PHIVOLCS Bulletin Update for MAYON Volcano - 15 January 2018 1:30 P.M. - PH Trending

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Monday, 15 January 2018

PHIVOLCS Bulletin Update for MAYON Volcano - 15 January 2018 1:30 P.M.

DOST-PHIVOLCS - MAYON VOLCANO BULLETIN (UPDATED) 15 January 2018 1:30 P.M.
DOST-PHIVOLCS - MAYON VOLCANO BULLETIN (UPDATED) 15 January 2018 1:30 P.M.
ALERT LEVEL 3: MAYON VOLCANO BULLETIN UPDATED as of 15 January 2018 1:30 P.M.

As per DOST-PHIVOLCS, Two lava collapse events occurred today at Mayon Volcano, Albay that produced rockfall and small-volume pyroclastic density currents. These occurred at 09:41 AM and 10:05 AM that lasted five (5) minutes and seven (7) minutes, respectively, based on seismic record. These events appear to have originated from the lava front and produced an ash cloud that drifted to the southwest sector. Ashfall were reported in Brgys. Travesia, Muladbucad Grande, Maninila, Masarawag, Poblacion, Iraya, Ilawod, Calzada, Inamnan Grande, Inamnan Pequeno, Maguiron, Quitago and Mauraro in the municipality of Guinobatan; Brgys. Cabangan, Anoling, Sua, Tumpa, Quirangay, Gapo, Sumlang, Brgys. 1 to 7, in the municipality of Camalig.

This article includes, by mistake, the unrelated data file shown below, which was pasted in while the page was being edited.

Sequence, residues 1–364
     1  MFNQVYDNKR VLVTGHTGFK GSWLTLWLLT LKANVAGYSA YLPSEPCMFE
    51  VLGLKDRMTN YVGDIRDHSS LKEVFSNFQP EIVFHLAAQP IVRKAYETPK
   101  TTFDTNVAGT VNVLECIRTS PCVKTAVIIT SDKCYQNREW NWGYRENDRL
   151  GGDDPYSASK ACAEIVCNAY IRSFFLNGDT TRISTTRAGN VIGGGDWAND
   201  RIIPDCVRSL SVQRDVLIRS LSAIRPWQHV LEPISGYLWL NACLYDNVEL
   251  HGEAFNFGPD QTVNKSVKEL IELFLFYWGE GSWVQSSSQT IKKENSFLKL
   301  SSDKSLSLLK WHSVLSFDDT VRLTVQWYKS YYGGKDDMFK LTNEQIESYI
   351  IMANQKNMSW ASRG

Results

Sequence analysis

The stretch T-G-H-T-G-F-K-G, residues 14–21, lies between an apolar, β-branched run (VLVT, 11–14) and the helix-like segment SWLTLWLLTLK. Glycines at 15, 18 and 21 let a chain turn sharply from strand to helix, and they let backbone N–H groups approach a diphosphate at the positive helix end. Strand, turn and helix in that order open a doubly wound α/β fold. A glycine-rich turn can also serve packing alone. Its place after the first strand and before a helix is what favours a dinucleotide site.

A degassing event at 11:07 AM that lasted eight (8) minutes produced a grayish to dirty white ash column with a maximum of height of approximately 1000 meters above the summit before drifting west-southwest.

Alert Level 3 remains in effect over Mayon Volcano, which means that it is currently in a relatively high level of unrest as magma is at the crater and hazardous eruption is possible within weeks or even days. The public is strongly advised to be vigilant and desist from entering the six (6) kilometer-radius Permanent Danger Zone (PDZ) and the 7-km Extended Danger Zone (EDZ) on the southern flanks due to the danger of rockfalls, landslides and sudden explosions or dome collapse that may generate hazardous volcanic flows. Increased vigilance against pyroclastic density currents, lahars and sediment-laden streamflows along channels draining the edifice is also advised. Civil aviation authorities must also advise pilots to avoid flying close to the volcano’s summit as ash from any sudden eruption can be hazardous to aircraft. Based on the seasonal wind pattern, ash fall events may most likely occur on the southwest side of the volcano. DOST-PHIVOLCS maintains close monitoring of Mayon Volcano and any new development will be communicated to all concerned stakeholders.

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